To tell or not to tell? Chances are that your sexual exploits (or lack there of) have come up up at least once in your social life and its rarely an easy discussion unless you have nothing to hide. Of course, pride in one’s private life can reveal a yellow brick road to lifelong happiness or immediately have a complete reversal of your respect for that person.
I’m one of the most open minded guys out there. I try to put myself in everyone else’s shoes when I want to chastise a person for their behaviors or actions. In no ways am I an angel or proclaim to be, but I profess having a strong ethic of right versus wrong. Yet, when it comes to matters relating to sexual history of a future partner, I tend to take the moral “high road” and generally pursue those who have done the same. I have a horror story that once you read it, may sound like a ridiculous fallacy, but I assure you the following events did transpire.
I recently began a non-physical relationship with someone who I fell for almost immediately. Several days into that relationship, she informed me that she was positive for an easily transmissible virus called Herpes. Being an expert in infectious diseases, I know very well how these diseases are transmitted and the after affects of infection. While this bothered me, it did not keep me from pursuing her. Now realize, this is already a substantial risk taken on by my own personal choice. With proper medication and periodic abstinence during outbreaks, we could reduce the probability of transmitting the virus to myself, because once you are infected with this virus, you have it for life. This was a risk I was willing to take because I thought this girl might just be “the one”!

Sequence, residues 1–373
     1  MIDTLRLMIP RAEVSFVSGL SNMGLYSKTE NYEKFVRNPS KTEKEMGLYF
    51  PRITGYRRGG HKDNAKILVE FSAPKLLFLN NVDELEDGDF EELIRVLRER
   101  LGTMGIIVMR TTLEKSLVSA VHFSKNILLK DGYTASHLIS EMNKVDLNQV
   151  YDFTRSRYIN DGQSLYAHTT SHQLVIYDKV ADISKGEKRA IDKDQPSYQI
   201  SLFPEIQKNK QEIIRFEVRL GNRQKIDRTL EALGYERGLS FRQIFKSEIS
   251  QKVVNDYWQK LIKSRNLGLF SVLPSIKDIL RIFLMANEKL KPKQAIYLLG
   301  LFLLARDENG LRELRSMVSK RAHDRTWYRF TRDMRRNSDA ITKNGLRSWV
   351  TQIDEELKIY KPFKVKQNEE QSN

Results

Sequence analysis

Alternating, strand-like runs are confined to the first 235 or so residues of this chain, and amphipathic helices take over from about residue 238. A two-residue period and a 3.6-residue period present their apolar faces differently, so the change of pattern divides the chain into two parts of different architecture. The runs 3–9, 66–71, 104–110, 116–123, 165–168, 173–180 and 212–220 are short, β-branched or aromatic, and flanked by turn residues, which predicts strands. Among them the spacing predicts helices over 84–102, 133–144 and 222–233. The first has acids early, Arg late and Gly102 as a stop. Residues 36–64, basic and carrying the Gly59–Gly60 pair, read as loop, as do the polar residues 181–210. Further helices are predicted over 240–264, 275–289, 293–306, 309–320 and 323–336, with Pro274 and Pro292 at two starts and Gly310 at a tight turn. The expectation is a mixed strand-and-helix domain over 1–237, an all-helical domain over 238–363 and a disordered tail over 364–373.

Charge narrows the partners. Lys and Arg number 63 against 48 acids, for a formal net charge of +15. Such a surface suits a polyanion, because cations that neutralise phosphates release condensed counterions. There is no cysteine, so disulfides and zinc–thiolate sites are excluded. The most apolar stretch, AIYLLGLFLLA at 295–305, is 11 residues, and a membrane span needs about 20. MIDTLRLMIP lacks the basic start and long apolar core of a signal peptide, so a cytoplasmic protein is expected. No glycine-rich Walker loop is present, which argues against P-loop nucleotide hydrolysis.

Nevertheless, while the courtship grew over time I began to find out more information as we had mutual friends who spoke independently amongst themselves. My best friend then approached me with firsthand knowledge that the girl I was pursuing had gotten the disease from an unknown source because of an extremely promiscuous past. So bad in fact, that I thought my jaw would fall to the floor. I learned she had been a participant in an online sexual network that included intercourse with multiple partners in so called “swinging clubs” or a group event that involved her as the only female with multiple men.
While being completely floored with this knowledge, I asked it there was any truth in these rumors. The look on her face was enough to verify the answer was yes. I asked for some time to rationalize and the next day I broke it off. Did I make the right decision? I’m not sure, but I would like to explain why.
Being included into the politically correct generation for a while now, I think its wrong to hold a negative view of a person for beliefs that go against your own. Just because you disagree with them, you still should respect them and consider their point of view. However, I could not keep from thinking about a scenario 20 years from now where I say to myself “the mother of my kids has been passed around like a play toy.” So does it make me a bad person to judge someone by their past actions? Does it help extrapolate any future behaviors of infidelity or intimacy issues?
I racked my brain about this for many days trying to find a way to ignore or accept this information and let it pass me by. I failed. For me, it was impossible to put this concept of forgiveness and acceptance into place because the idea of her, or any future wife), behaving in such a disreputable behavior was simply not acceptable to me.
To further justify my actions, I asked the majority of my friends if they were in a similar situation, what would they do? The unanimous answer was rather surprising. Two of eight men said “Yes, they could over look it” but that came with a few quid pro quos. The answers that really surprised me were the female reactions (seven in total), such as “No, how could you date someone like that”, or my personal favorite was “You have got to be kidding me, run, run and run some more.” I was assuming that more sympathy would come from women than men, but my limited study only had fifteen participants.
The big question is: What would you do in the same situation? Its so easy to use the phrase “You should do this,” but when the scenario requires you be placed in a difficult position, the results are often far different from the politically correct side of the argument.
Personal Note: I encourage questions or comments on this article subject. What would you do?
Matt Castle is a freelance writer specializing in personal finance and various investment strategies. Occasionally, a different topic will find its way onto paper other than financial documents just for entertainment value.